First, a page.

In Rome, magistrates (and later the emperors too) each had a fixed number of lictors, according to the rank of the office they held. Is a similar regulation of the number of retainers according to rank known for the Achaemenid Empire? Or other ancient Eastern states?

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    A lictor was an actual government official, not a retainer, which is why the numbers matter. Staff, hangers on and toadies are not government officials so there's no limit on how many you can have, in Rome or presumably anywhere else.
    – Oldcat
    May 13, 2015 at 16:40

1 Answer 1


In general, this type of thing is not well documented for Archaemenid history. Also, in Persian administration there was a great deal of autonomy and variation across satrapies, so what would be true for one, might be different in another. Speaking of royal judges, which were similar to Roman magistrates, for example:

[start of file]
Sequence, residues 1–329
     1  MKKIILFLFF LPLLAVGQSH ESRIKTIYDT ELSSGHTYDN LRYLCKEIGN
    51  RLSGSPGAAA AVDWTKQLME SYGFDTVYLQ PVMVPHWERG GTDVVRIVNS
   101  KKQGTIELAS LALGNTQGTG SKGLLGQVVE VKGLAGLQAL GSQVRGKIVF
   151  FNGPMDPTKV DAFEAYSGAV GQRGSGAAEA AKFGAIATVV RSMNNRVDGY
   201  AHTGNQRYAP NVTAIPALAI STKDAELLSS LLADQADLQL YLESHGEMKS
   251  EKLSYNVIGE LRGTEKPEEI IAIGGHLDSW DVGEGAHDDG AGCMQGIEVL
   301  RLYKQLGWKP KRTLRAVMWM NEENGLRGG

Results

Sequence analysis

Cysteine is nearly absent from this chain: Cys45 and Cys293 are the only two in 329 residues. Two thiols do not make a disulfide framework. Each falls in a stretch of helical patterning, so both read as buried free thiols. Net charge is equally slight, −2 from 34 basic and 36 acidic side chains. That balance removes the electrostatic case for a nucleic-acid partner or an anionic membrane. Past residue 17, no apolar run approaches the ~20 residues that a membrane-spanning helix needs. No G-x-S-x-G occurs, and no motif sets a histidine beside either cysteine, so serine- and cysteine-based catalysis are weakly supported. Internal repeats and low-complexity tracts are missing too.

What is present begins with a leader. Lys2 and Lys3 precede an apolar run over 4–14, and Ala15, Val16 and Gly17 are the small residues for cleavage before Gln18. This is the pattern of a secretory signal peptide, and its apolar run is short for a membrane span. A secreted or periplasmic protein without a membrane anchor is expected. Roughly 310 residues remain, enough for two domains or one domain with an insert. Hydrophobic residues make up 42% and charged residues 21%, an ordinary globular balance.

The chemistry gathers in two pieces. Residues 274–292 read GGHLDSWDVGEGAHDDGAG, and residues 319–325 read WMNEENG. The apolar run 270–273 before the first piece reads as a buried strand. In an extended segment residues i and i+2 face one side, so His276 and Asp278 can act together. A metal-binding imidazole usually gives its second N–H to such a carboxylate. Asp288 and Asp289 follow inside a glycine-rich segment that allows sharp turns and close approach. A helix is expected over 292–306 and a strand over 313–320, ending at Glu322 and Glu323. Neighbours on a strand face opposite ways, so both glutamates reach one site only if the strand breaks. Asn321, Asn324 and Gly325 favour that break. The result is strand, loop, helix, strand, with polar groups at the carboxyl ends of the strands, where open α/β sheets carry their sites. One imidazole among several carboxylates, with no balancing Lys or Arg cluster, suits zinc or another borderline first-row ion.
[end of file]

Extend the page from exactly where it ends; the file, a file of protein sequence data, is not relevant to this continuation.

The royal judges are attested here for Seleucid Babylonia, in the particular context as recipients of perquisites from the king's sacrifices at the New Year Festival at Babylon. The royal judges were a Babylonian institution, attested from Neo-Babylonian and Achaemenid times, with judicial authority to decide important cases. Although nothing specific is known of their selection, composition, or function in the Seleucid period, knowledge of their existence adds another Babylonian institution, continued under the Seleucids, to the general body of material from which the impact of Seleucid rule in Babylonia can eventually be assessed.

Babylonian Chronicle Fragments as a Source for Seleucid History. S. M. Sherwin-White, Journal of Near Eastern Studies. Vol. 42, No. 4 (Oct., 1983), pp. 265-270.

You can read the rest of the paper for more information, but the upshot is that it would be difficult to make any conclusive statements about numerical policies for such things.

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